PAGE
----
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  1. #1
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    Learning to design?

    Well, I've been coding for years. PHP, Rails, pSQL, MySQL, JavaScript, CSS, XHTML, HTML, etc. I'd like to say I've mastered them all.

    Though, when it comes to opening Photoshop and creating something beautiful—something you'd see off of cssmania or some other CSS gallery website—I'm completely and totally useless.

    Where should I start? I've made countless trips to Barnes and Noble, looking for books on web design, but nothing seems to be really eye-catching.

    Is this something I just need to practice repeatedly before I start to develop things that don't make me (and others) want to vomit?

  2. #2
    Design Your Site Team bronze trophy Erik J's Avatar
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    Hi nkezhaya, welcometo SitePoint.

    As more devoted to useful functions than the look of a page I can give my stategy after that the functions and content are decided. Not always mandatory but I try keep a progress order. The outcome is never as pretty as by a proffesional designer, but is at least useful.

    First and checking again last, I try to place the functions/content-displays logically/intuitively, minimizing confusion.

    Adding places for logo and company info there will be different patterns giving a base for different designs.

    Going from there I give those areas dimensions and typeface and then a color scheme.

    Then background images, if possible adding understanding of the foreground.

    Then I'll start all over again a couple of times.


    I hope you find books or sites to read that helps you find a good strategy that focus what you do best.
    Happy ADD/ADHD with Asperger's

  3. #3
    SitePoint Zealot
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    When I first started out, I looked at dozens/hundreds of sites (eg 40-50 carpentry sites, 40-50 financial advisor sites etc) and bookmarked anything of interest. With the sites that I liked, I analysed what worked and what didn't. I then started creating my own designs in Macromedia (NOT coding - it's far quicker just doing a drawing). Note that I didn't copy sites - I just got ideas from various different sites and mulled them over to create my own design. I then did 3-4 designs for each type of site, making each design totally different. Gradually my designs improved and I now find the whole process so much easier. Good luck!

  4. #4
    SitePoint Zealot
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    This is a good site to get you started: http://webpagesthatsuck.com/
    About Web Pages That Suck

    Learn how bad web design kills your site

    Looking at bad web site design is valuable because it give us the opportunity to learn from other people's mistakes without having to make them ourselves.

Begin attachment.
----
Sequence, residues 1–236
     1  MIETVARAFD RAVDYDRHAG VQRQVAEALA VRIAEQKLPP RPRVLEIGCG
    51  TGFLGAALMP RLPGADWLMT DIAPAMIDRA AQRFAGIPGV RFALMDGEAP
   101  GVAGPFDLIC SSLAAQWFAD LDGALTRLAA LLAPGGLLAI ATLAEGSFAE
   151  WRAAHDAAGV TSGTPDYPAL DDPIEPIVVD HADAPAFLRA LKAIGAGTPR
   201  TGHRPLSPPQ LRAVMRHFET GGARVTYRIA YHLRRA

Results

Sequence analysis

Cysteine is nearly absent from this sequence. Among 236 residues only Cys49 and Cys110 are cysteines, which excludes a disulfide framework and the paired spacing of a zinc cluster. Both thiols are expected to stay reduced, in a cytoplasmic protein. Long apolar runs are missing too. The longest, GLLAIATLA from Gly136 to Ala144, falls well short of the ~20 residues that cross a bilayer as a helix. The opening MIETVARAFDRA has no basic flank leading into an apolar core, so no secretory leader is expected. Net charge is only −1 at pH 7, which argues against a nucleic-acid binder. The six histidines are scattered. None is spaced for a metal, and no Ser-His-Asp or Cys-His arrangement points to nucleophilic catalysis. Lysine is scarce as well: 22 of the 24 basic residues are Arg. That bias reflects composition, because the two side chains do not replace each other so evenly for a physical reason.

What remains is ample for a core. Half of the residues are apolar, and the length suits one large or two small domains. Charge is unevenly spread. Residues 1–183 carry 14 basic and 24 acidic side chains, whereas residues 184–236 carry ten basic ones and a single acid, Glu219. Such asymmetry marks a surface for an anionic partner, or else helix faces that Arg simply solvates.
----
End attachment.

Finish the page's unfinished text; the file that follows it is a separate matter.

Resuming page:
Winston Churchill once said, "All men make mistakes, but only wise men learn from their mistakes." If you go through this site and learn from all the mistakes, you will be a very, very wise web designer and be able to take a bad web site and change it into a good web site.

    Great web design is an art and occurs when design and content are seamless and you don't notice its greatness. With great web design, it's easy to find the information you need. The content makes you want to return again and again and, most importantly, great design gives credibility to the company/organization.
    There is also a book. It's been out quite a while but I think it is still available new. You could probably find a copy in the library or get a good deal on a used copy as well.

  5. #5
    SitePoint Member colorifer.com's Avatar
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    I am a designer, but I want to become the master of programming!
    My friend, be expert in PHP, Rails, pSQL, MySQL, JavaScript, CSS, XHTML, HTML, etc. and find the good designer for your projects.
    Be not sprayed.

  6. #6
    SitePoint Member
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    Thanks for the info guys/gals. How about suggestions for ad placement?

  7. #7
    Follow: @AlexDawsonUK silver trophybronze trophy AlexDawson's Avatar
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    Advert placement should be put in places where people can see, but they should not overcrowd or overpower the content, otherwise you may end up putting people off viewing your content, if your content is lengthy, I find putting Google ad-words down the side of the page a clean way to keep the content separate from your money making region, but it’s also placed constantly within view.

    By the way: if you want some good book recommendations on web design I recommend the following:

    • The Zen of CSS Design (Excellent book showing the CSS Zen Garden and how they built up beautiful designs – it’s the first book I ever bought on design, and I still use it to this day)
    • The Design of Sites (This is like the bible of design, it’s a huge book of design patterns and will keep you in good stead for seeing how design can work online)
    • Don’t Make Me Think (The usability bible, helpful in making sure you don’t sacrifice usability for fluidity)
    • Homepage Usability (Lots of pretty examples of websites – slightly simplistic though)


    I own all four of those books (I feel more comfortable having some offline references, lol) and can highly recommend them, I would say go to your local bookstore and check them out to see if any get your interest though first


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